Instead, they spent most of the time talking up how you could play Killzone 3 in 3D. Well, as long as you have a 3D TV, also known as "The TV that costs several thousand dollars and requires $150 glasses to watch." A 52-inch 3D TV will cost $5,000, though at least that one comes with two pairs of glasses. Even then, if you want to have a few friends over, they'll need glasses too. So that'll cost you as much as a new console. That's assuming the headaches don't keep them away.
Don't get me wrong; I'm sure one day 3D TV's will be common. That point will be right after you no longer need glasses for them to work. Oh, and when the TVs cost less than a new kidney. In the mean time, Sony is spending all of their energy touting a feature that the vast majority of gamers won't be able to take advantage of for several years. It's as simple as that. Hell, most of us just bought our HD TVs in the last few years, we're sure as hell not ready to upgrade yet.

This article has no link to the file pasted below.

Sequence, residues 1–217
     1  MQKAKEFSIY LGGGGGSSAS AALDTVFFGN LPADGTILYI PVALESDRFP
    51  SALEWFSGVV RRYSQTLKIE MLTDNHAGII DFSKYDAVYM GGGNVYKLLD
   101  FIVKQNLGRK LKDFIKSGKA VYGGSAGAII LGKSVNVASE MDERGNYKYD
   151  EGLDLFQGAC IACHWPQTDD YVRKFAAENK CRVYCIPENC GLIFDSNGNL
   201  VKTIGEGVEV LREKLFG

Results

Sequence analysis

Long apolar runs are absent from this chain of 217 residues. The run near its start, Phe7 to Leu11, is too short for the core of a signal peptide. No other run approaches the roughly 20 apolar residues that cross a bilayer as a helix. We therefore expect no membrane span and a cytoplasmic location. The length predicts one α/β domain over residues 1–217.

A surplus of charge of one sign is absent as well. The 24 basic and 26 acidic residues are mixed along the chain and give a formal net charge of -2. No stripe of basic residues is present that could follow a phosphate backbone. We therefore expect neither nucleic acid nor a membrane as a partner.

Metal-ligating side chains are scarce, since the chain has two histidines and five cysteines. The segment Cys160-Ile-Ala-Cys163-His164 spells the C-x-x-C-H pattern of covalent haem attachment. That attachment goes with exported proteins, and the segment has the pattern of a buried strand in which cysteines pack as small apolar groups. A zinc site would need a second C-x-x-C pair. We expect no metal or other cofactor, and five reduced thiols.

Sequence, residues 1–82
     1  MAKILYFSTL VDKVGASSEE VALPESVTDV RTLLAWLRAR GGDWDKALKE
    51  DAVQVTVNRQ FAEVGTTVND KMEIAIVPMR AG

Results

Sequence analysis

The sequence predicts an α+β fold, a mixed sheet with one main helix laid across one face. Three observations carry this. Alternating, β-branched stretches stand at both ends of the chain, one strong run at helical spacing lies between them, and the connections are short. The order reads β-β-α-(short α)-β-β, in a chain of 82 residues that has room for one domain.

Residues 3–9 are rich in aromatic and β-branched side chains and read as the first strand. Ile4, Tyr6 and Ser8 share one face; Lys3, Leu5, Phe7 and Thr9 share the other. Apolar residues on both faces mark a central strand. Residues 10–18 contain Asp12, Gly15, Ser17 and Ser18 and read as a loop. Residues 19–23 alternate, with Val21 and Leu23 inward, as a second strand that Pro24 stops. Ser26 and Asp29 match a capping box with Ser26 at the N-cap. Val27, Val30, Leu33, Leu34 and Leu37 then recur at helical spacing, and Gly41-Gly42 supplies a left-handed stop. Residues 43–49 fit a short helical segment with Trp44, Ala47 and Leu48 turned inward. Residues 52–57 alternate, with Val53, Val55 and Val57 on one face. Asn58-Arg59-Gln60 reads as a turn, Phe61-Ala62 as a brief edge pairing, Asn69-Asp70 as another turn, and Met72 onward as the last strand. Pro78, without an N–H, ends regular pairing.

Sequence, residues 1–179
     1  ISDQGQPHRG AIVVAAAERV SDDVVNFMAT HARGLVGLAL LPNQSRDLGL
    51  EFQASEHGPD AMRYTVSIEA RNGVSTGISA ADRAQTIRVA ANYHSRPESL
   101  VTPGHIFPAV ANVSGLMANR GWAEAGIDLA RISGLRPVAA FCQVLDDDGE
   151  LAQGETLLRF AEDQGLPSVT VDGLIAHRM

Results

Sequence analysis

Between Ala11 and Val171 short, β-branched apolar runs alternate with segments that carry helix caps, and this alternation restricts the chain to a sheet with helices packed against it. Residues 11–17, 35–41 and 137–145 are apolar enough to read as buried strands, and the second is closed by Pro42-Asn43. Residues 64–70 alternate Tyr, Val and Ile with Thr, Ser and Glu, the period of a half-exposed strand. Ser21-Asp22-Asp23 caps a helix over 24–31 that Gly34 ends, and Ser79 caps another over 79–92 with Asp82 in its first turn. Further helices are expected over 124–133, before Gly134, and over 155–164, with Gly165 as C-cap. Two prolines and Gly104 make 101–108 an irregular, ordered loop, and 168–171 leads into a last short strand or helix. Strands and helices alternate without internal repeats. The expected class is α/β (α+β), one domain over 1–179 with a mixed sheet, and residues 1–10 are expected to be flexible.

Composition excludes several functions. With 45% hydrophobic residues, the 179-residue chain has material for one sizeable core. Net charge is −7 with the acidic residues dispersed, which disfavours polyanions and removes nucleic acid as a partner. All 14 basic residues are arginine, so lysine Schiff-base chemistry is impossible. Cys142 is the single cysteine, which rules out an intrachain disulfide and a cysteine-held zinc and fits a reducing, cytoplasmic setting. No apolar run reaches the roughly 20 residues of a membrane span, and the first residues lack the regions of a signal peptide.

When Sony did mention Move, it came off as a brief afterthought. They showed off Sorcery, which appears to be a Harry Potter game only without the familiar character and lucrative license.
Then they spent many "fill for time" minutes showing off Tiger Woods 2011, the crowd watching in awkward silence as the guy demonstrated that their state-of-the-art game works exactly like several previous Tiger Woods Golf games for the Wii.
It's hard to know exactly which video they showed next was the most cringe-worthy. Was it the montage of people playing with Move set to a remix of "Bust a Move" by Young MC? Or was it this video featuring a stereotypical sassy black kid talking about the Sony PSP, using the most authentic urban dialogue a room full of white 30-somethings working for a Japanese electronics company can manage?
History will have to decide.
When Nintendo took the stage, many of us in the comedy industry got out our notepads and leaned forward. For about the last three years Nintendo has had some of the most spectacularly retarded E3 conferences in history, including the infamous demonstrations of Wii Music.
Instead they began by rattling off a list of games that combined will probably sell 50 million copies: safe sequels to their top franchises. There was a Wii Zelda game, which somehow looked significantly worse than the Zelda game made for the Gamecube four years ago: